Powder Mill Wharf) as well as from the Railroad Wharf. The connection eliminated the
dangerous practice of hauling explosives through town by wagon and storing them on the
Powder Mill Wharf while waiting to be shipped.
From the 1940s through 2000s, numerous writers stated that the Gharky Wharf was
converted to the Railroad Wharf. Authors during the latter part of this period commonly used the
writings of Leon Rowland, Preston Sawyer, Warren W. (Skip) Littlefield, and Margaret Koch as
sources for this information. The oldest example of this confusion discovered to date is from the
1940s and by Leon Rowland. Leon Rowland was a careful researcher, and his writings and files
are usually reliable sources of information. He was not, however, infallible.
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Notes on the History of Wharves at Santa Cruz, California
Can this wharf myth ever be exterminated? Probably not. It has been put in print far too
many times, but we hope that at least those who read this essay will not perpetuate the error.
Wharf Chronology
• Sentinel, May 23, 1857, p. 2. “A New Dock—is about to be erected by Mr. David Ghearkey, about
half a mile north-east of Davis & Jordan’s long wharf, the length of which, we are told, is to be one
thousand feet from the water’s edge.” The Gharky Wharf was about 0.25 miles NE of the Davis and
Jordan wharf. So the “half a mile” statement is not very accurate. The “Railroad Wharf” was only a
little over 0.1 miles NE of the Davis and Jordan wharf.
• Sentinel, June 26, 1858, p. 2. “Mr. Gherky intends extending his wharf several hundred feet
farther into the bay.”
• Sentinel, November 18, 1865, p. 2. “Wharf Sale.—We learn that the California Powder Works
Company have purchased Gharky’s wharf, and will hereafter transact all their business, and ship
from that well-known landing.” The transfer was recorded in the Santa Cruz County Book of Deeds,
Volume 7, pages 773-775, November 10, 1865. The deed also lists personal property sold by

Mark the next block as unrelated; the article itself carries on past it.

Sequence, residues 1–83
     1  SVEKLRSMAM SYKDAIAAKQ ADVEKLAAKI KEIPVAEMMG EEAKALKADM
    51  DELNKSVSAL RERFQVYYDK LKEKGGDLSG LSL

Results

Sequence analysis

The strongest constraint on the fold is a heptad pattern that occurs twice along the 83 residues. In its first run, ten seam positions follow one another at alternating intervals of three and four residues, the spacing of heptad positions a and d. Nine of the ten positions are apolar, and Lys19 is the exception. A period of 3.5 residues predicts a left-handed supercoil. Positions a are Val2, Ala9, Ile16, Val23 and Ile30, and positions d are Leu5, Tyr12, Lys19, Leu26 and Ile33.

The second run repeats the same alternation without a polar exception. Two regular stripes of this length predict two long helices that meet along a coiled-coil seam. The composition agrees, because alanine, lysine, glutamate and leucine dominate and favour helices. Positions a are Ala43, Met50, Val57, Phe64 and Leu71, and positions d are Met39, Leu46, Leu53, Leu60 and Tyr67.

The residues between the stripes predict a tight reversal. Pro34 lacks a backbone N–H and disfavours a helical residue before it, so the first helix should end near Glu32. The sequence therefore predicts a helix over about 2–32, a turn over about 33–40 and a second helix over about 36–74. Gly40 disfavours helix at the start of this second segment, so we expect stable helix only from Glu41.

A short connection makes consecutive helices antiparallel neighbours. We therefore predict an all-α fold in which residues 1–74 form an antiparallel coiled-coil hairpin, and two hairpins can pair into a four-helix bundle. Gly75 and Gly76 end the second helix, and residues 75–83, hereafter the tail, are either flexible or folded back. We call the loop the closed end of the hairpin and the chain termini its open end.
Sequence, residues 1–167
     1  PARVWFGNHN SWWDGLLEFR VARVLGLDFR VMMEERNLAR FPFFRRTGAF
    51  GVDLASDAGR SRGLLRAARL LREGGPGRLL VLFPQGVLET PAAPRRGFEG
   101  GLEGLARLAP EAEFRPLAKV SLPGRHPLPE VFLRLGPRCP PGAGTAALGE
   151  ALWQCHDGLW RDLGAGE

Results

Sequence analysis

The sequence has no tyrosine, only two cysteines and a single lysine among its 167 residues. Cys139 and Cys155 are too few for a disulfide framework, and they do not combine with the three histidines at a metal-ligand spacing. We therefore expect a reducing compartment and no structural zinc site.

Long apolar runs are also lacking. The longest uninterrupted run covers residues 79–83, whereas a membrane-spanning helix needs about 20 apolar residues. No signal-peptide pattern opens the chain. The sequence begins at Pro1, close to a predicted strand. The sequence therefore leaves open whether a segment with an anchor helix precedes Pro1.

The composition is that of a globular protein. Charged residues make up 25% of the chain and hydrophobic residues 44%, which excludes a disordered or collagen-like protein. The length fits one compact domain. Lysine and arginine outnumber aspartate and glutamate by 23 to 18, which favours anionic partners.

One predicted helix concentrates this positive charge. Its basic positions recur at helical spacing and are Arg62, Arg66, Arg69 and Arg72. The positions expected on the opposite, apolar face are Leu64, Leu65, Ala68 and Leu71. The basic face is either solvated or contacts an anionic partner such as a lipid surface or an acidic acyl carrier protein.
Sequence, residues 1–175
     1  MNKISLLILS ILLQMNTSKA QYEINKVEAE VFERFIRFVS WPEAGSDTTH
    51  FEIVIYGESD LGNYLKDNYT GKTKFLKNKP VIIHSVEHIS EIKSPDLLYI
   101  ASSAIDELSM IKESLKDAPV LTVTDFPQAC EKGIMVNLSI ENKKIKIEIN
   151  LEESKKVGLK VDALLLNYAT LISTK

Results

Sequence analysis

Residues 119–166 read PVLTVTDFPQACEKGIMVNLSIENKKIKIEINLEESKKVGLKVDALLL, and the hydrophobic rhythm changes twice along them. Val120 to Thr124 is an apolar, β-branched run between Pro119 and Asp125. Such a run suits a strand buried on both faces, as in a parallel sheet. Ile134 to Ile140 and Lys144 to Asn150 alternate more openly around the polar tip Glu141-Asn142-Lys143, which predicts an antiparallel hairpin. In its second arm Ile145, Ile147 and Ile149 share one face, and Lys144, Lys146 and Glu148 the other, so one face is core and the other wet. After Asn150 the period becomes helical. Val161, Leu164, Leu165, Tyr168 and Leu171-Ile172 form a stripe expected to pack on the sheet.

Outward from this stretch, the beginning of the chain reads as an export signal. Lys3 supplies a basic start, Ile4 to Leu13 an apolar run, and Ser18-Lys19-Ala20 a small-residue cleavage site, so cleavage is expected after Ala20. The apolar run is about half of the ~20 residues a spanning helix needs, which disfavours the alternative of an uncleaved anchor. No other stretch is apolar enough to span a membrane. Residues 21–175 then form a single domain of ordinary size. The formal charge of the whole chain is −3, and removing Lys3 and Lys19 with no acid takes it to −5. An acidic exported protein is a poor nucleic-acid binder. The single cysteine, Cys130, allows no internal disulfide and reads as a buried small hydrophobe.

Gharky: "One Pile Driver and Hammer belonging to said Pile Driver and 3 trucks now used for the
transportation of Powder."
• Sentinel, June 5, 1869, p. 2. “The California Powder Company’s wharf is being considerably
extended.”
• Sentinel, March 20, 1869, p. 2. “Samuel Adams sold to California Powder Works 3/8 interest in
land and Gharkey’s wharf, for $2,500.”
• Sentinel, November 5, 1870, p. 1. “C. B. Gifford of San Jose, who visited us some weeks ago to
take a lithographic view of Santa Cruz, has shown us his proof. It is in every respect an excellent
picture, giving a fine view of the beach, town, and mountains in the background. To all who wish to
preserve a perfect picture of Santa Cruz, or who wish to send one to their friend in the East to give
them some idea of what a beautiful place Santa Cruz is, we recommend this fine work of art.”
This bird’s-eye view of Santa Cruz done by artist Charles B. Gifford shows the Cowell Wharf (at
the foot of Bay St.) and the Powder Mill Wharf (at foot of Main St.), but NO Railroad Wharf. This
dramatically shows that the Railroad Wharf was entirely new and post 1870. A reproduction of
Gifford’s lithograph appears in Lime Kiln Legacies, p. 134, and The Birth of California Narrow Gauge,
front end papers. The latter book shows another aerial view, done in the late 1870s or early 1880s,
with three wharves (printed on the back end papers and on page 314). By this time the third
(railroad) wharf had been built between the other two. These images are also reproduced below.
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Notes on the History of Wharves at Santa Cruz, California
Some people have argued that the artist must have left out the third wharf in the 1870
illustration. The above article, however, says that the rendering was very accurate, and it seems
most unlikely the artist would omit something as important as a wharf. The wharves are very
prominent in the drawing, and Santa Cruzans were very proud of their shipping facilities at that time.
Furthermore, Gifford provided a key to the lithograph in which he numbered and identified important
features such as Bay Street (#1), Davis & Cowell's Wharf (#3), and the Powder Mill Wharf (#6). For
those who still don't trust drawings, however, see the 1866 photograph at the end of this essay.
• Sentinel, April 17, 1875, p. 3. “The [railroad] wharf contract was let to the Pacific Bridge Co. of
San Francisco, work to be completed on or before June 15, 1875. The wharf will be 1,278 feet long
and will be extended as soon as the company can bring their own piles and lumber on the road and
flume. It is to be the most complete and substantial structure of the kind ever erected outside of San
Francisco.” The term “extended” could be interpreted as meaning that either an old wharf was being